Distinguished Senators, the Washington Nationals Blog That Is Great

Monday, April 16, 2007

Thanks, Jobu

Chris Snelling's radness and the public's awareness thereof continue to grow unabated. Barry Svrluga posted on his day off, which indicates that he's getting a little too into this whole blogging thing. The signs are all there: pleas for more comments and an unseemly interest in his own ranking within "teh community." Things may look bad for Svrluga's sanity, but good for us -- dude's a hell of a blogger, and if being behind the United blog prompts him to keep the content coming, then we -- the Nats fans -- win.

So anyway, Svrluga mentions a completely awesome play that Snelling pulled off in our win against the Mets on Saturday, when he conned overrated pretty boy David Wright into handing us a run.
With two outs in the fourth inning, Brian Schneider was on third and Snelling on second when Felipe Lopez hit a grounder to Mets third baseman David Wright. Snelling began running from second, and Wright kind of double-pumped the ball as he got it out of his glove. Lopez, hitting left-handed, was scooting down the line.

So Snelling thought to himself, "Oh, we can get a run here." He had taken off toward Wright, and Wright decided against throwing the ball across the infield, instead opting to tag out Snelling. "I was trying to get in a run-down," Snelling said, a hugely heads-up play. If Wright throws out Lopez at first, the run Schneider would score from third wouldn't count -- even if he crossed the plate before the out was recorded -- because it's a force play at first. But if Snelling gets tagged out -- not a force because runners were on second and third only -- the run would count if Schneider crossed the plate before Wright put the tag on Snelling.

So Snelling retreated toward second. Wright ran him down. "I didn't think I was in a run-down long enough," Snelling said. But he was. Schneider crossed the plate just before Wright put the tag on, and the Nationals went up 3-1.

I'm a smart guy, and that's too much for me to figure out. And I'm talking days later in the comfort of my den while I sit at my blogging desk in my smoking jacket and cravat holding a glass of cognac between my index and middle fingers -- I can't imagine figuring that all out in the microseconds Snelling had.

Above: This is what me contemplating Chris Snelling's baserunning would look like if I were a squirrel. Big ups to the master squirrel posers at Sugar Bush Squirrel. Please note the tiny bottle of Remy Martin to the right.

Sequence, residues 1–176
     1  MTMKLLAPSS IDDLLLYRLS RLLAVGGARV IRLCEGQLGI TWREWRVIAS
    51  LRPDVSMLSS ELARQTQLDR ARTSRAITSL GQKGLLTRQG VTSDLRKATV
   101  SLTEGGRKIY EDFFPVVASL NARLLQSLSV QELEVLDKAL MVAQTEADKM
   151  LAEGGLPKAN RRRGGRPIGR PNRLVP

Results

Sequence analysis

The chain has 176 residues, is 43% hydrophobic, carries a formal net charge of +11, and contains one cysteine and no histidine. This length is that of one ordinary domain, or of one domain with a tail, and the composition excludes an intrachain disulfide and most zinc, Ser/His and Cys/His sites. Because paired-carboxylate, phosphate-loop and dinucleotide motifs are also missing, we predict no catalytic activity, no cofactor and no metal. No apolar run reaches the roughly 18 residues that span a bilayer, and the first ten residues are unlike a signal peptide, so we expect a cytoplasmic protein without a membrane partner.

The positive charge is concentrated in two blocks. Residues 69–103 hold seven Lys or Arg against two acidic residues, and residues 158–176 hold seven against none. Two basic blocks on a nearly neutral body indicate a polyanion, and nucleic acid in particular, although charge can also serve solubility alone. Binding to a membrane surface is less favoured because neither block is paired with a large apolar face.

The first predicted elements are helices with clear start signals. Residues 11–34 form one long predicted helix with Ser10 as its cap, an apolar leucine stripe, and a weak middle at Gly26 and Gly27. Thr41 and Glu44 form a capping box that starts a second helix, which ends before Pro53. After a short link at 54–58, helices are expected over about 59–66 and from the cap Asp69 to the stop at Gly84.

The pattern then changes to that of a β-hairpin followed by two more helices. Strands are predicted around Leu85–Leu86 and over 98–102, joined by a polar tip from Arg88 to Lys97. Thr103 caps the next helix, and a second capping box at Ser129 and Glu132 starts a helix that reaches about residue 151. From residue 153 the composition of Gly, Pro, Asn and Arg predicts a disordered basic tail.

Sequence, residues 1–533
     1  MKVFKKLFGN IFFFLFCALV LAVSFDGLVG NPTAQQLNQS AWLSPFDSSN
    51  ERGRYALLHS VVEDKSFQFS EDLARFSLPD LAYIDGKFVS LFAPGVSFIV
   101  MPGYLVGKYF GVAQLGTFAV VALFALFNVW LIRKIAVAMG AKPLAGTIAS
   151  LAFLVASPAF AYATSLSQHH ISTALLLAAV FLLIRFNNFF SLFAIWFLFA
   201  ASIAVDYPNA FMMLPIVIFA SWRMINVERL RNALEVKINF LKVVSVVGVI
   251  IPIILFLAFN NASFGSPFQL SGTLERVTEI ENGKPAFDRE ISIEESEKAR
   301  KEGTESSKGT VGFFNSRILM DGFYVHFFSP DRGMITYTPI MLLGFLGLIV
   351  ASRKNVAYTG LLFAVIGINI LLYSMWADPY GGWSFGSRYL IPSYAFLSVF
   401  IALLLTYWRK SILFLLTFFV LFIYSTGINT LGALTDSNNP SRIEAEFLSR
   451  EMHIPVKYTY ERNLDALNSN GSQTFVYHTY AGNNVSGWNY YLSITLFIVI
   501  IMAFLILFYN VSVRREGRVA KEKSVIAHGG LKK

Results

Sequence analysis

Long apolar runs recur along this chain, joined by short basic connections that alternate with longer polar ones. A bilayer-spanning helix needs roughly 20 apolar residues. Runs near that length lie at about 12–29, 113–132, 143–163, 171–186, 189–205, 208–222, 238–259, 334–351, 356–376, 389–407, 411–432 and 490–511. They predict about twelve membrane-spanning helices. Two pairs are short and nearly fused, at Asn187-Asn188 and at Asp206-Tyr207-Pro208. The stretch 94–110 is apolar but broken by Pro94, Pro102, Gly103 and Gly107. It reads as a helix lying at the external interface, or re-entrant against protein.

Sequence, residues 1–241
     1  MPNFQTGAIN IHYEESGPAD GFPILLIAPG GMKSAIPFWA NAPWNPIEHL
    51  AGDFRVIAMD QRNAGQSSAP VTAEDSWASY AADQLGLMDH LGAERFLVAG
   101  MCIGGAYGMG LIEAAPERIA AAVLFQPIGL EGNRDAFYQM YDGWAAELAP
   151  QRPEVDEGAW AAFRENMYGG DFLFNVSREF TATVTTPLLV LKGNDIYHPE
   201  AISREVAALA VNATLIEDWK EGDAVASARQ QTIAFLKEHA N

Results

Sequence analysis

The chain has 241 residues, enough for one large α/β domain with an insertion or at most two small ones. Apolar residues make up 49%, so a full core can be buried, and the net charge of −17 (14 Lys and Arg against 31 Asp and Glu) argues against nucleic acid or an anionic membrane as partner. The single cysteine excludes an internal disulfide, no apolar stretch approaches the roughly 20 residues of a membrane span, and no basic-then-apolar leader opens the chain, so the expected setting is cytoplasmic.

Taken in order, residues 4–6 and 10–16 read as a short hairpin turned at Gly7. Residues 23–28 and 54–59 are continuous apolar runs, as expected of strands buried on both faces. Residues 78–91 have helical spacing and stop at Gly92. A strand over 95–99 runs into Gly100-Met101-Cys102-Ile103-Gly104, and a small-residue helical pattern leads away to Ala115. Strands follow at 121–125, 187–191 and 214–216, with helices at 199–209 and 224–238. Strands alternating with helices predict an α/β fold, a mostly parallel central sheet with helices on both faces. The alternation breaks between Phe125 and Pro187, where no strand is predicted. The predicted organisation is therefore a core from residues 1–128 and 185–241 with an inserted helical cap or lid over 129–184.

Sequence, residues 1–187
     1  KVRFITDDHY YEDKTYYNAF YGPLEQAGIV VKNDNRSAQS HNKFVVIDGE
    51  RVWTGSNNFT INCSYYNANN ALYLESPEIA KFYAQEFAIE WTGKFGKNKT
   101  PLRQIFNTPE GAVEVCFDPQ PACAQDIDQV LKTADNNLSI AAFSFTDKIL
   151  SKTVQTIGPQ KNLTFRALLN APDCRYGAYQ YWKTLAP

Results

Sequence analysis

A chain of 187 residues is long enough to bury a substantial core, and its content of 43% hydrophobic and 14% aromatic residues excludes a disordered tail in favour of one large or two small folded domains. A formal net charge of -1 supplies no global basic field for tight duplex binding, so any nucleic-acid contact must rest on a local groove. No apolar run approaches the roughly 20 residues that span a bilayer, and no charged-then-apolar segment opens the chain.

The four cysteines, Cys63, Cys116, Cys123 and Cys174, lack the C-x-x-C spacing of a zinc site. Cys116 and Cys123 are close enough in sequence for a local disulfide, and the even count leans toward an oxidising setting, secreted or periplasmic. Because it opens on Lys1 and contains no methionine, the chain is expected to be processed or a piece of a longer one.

On the other end of the mind meets baseball spectrum is Chris Snelling's on base percentage. Needham notes that Snelling's OBP is impressive, especially when put up against his uninspiring batting average. But here's the thing: he's not walking all that often; he's getting on by letting pitches fly into his body. It's a simple, direct solution to the problem of not wasting outs. If I may engage in a little national stereotyping, it's an essentially Australian way of getting on base -- the baseball equivalent of making movies, making songs, and foightin' 'round the world.

Tonight's game - the last thing I was expecting. There are 30 teams in Major League Baseball, another 12 in Japan, and a couple hundred more in Division I college ball, and the Nats are the last one that I would have thought could have toughed out as crappy a start as Matt Chico had tonight. Five innings, five walks, no strikeouts? That's a recipe for a blowout unless you have both skill and luck on your side, and the Nationals have been lacking in both.

Tonight it hinged, as always, on the fat guys. Ronnie Belliard dropped another one, but he did have a hit and a run, and Da Meathook made it a definite fat guy night with three hits, two doubles, and two driven in. When Jobu lets the fat guys contribute that much and lets the rookie starter get by unpunished with that kind of pitching line, it's pretty hopeless for the other team.


Harper said...

I didn't know Anibal was a wingback man.

Anonymous said...

Another sign Svrluga's getting sucked into the blogging thing: He apologizes when he doesn't post -- that's a classic sign right there of a blogger with a nasty habit...

Ryan said...

I'd say we should organize an intervention, but I don't think anyone wants him to stop.